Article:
Mem de Sá sails south to attack the French at Fort Coligny (Feb). He brings a force of Bahia Tupinambá with him, and similarly the French (under the Lord Bois-le-Comte, the nephew of Villegagnon) are aided by hundreds of their Tamoio allies. The Portuguese attack from the sea on all sides (15 Mar) and in a two day battle take the island. The French and Tamoio flee to the mainland. One of the reasons for the French defeat is the lack of drinking water. Each side claims different numbers were involved in the battle. The French claim 10 Frenchmen fighting 2000 attackers in 26 ships (plus canoes). The Portuguese claim 116 Frenchmen with 1000+ Tamoio (with fire arms) against 120 Portuguese with 140 Indian allies. Both sides mention heavy losses amongst the attackers. The Portuguese destroy the fort and some Indian villages but then abandon Guanabara bay again.
The settlers of São Vincinte (Santos, São Vincinte, and São Paulo) fight a war of raid and counter raid with the Tamoio, generally having the worst of the encounters. However one Portuguese expedition from São Paulo did manage some success. 30 whites with 30 half-castes (mostly sons of João Ramalho) and Tupinikin allies take a Tamoio stronghold with the death of only two settlers, a half-caste and some Tupinikin.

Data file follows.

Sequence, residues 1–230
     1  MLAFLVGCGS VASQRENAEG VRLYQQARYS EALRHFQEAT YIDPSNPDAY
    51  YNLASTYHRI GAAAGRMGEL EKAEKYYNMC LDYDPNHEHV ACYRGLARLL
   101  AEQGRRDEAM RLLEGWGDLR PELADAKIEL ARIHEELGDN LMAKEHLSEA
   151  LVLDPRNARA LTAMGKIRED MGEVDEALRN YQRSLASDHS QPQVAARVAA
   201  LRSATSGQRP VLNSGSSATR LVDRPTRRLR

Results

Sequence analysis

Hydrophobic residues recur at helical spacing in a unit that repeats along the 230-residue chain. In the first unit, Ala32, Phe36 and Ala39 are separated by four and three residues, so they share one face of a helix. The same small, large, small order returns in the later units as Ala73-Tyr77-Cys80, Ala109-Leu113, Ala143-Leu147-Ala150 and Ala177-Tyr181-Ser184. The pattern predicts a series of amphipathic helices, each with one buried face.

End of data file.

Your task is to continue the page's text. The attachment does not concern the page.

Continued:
Fevers and haemorrhaging reach Bahia via the inland tribes.
Fevers also reappear in São Paulo.
Don Pedro de Ursúa leads 370 Spaniards and and 2,000 Andean porters (yanaconas) from Peru to the Amazon. The aim is to conquer the Omagua tribe on the upper Amazon and to found a town, but Don Ursúa is murdered by mutineers nominally under Don Fernando de Guzmán, but really under the Biscayan soldier Lope de Aguirre. Soon afterwards Aguirre purges the expedition of Don Guzmán, Don Ursúa’s mistress, the chaplain, and anybody suspected of loyalty to anybody but himself. In a fast but violent trip down stream the expedition is reduced to 230 Spaniards and no Indians.